Vermont Agency of Transportation / YouTube

Does your 2015 New Year's resolution involve going on a diet and engaging in a more active lifestyle? If so, you have something in common with Route 302 in Berlin, better known as the Barre-Montpelier Road.

The Agency of Transportation has experienced some mild sticker shock for road and bridge projects this year. And the high cost of materials has contributed to a $16 million overrun.

It isn’t unusual for road and bridge projects to come in over budget. And Secretary of Transportation Brian Searles says the higher-than-expected costs for this year’s capital program are well within the norm.

iStock / Thinkstock

More than 46 million Americans are expected to travel some distance to get to Thanksgiving dinner this week. That's the most since before the great recession. And while the traffic and weather may not be cooperating, at least gas prices are down.

Toby Talbot / AP file

Ridership on Amtrak’s Vermonter is at its highest level ever.

Vermont rail officials say track improvements have cut travel time to New York, which has helped attract riders. There are also plans to restore service to Montreal.

Sojourn Bicycling Vacations / AP

What state roads do you like to bike? What state roads would you bicycle, if the route were improved for cycling traffic? Those are the first questions the Vermont Agency of Transportation (VTrans) is asking the public as it begins crafting the state's first on-road  bicycle plan.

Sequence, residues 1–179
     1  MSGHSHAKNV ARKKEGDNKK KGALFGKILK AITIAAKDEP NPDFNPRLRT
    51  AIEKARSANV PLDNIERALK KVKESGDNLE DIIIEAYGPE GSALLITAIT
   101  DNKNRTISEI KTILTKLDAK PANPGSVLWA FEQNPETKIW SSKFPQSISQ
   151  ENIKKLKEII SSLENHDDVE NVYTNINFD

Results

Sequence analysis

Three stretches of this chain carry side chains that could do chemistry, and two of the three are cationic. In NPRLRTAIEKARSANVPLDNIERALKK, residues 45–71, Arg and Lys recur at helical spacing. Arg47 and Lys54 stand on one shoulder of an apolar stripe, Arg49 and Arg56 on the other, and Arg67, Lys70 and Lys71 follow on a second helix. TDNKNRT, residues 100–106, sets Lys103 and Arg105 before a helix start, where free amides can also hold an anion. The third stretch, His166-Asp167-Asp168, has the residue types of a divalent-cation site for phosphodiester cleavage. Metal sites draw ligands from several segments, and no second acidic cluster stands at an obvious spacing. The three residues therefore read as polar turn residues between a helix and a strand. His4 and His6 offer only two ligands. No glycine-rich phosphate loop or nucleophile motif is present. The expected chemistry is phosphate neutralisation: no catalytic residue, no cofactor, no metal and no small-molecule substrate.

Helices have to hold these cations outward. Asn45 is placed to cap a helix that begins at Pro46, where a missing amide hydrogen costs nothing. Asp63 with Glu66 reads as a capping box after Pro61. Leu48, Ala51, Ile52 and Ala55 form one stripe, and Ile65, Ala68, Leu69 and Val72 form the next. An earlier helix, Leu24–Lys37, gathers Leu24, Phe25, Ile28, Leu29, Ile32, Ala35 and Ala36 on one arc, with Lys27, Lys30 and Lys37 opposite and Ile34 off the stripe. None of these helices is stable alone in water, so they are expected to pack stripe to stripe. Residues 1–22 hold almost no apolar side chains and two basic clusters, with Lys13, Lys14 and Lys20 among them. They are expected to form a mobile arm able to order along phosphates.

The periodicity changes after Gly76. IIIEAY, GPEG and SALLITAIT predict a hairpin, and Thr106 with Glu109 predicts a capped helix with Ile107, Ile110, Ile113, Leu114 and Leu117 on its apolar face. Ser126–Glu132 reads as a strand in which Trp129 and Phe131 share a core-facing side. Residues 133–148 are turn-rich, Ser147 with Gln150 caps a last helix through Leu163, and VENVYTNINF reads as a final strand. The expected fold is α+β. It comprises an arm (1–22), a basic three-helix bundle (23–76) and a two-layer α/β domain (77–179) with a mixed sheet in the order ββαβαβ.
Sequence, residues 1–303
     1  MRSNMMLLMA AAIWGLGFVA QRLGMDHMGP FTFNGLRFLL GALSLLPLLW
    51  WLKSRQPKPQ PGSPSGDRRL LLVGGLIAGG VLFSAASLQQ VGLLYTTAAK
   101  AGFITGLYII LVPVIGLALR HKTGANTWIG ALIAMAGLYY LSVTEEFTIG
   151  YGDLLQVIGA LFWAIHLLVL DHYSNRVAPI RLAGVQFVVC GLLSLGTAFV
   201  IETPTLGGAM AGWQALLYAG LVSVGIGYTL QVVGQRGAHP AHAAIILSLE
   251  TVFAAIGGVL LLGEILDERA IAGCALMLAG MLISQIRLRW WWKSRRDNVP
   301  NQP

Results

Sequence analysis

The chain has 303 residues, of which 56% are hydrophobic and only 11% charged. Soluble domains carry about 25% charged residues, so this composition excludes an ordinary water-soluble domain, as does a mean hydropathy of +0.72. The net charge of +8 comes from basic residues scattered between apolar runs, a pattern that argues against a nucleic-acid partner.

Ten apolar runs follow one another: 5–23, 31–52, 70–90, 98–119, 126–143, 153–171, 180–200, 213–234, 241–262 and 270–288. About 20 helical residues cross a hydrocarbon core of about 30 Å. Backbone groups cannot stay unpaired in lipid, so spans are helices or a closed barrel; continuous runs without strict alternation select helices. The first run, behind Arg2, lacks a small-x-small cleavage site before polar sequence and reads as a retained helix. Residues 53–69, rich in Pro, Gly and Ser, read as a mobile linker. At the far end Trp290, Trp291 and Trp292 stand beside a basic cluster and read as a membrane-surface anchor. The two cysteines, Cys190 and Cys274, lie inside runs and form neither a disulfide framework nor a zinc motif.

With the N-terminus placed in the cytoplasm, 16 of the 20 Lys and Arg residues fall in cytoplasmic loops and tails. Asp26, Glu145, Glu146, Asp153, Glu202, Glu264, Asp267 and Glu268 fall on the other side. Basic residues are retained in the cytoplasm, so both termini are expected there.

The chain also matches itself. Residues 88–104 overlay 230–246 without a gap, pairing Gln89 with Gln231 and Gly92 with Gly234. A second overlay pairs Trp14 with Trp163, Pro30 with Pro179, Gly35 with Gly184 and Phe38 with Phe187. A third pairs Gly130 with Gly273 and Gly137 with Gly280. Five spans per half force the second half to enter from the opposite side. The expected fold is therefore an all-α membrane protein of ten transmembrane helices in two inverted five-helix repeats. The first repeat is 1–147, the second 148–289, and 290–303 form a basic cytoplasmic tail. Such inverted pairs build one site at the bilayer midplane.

Angela Evancie / VPR File Photo

Vermont police have written more than 100 tickets under the state’s new law banning the use of handheld electronics while operating a motor vehicle, according to data from the Vermont Judicial Bureau.

Critics of the law said it would be difficult for officers to enforce it because it requires them to be able to see into vehicles and notice that a driver is holding a cell phone or other device.

The Button Up Day of Action encourages Vermonters to weatherize their homes. A new bridge and an alternative truck route make getting around easier in Bristol and Morrisville. Winooski aims for city-wide mindfulness.

The Vermont Agency of Transportation has reversed a decision to close the Morrisville Bypass to non-motorized uses, at least until the agency's Traffic Committee meets in December to discuss the issue.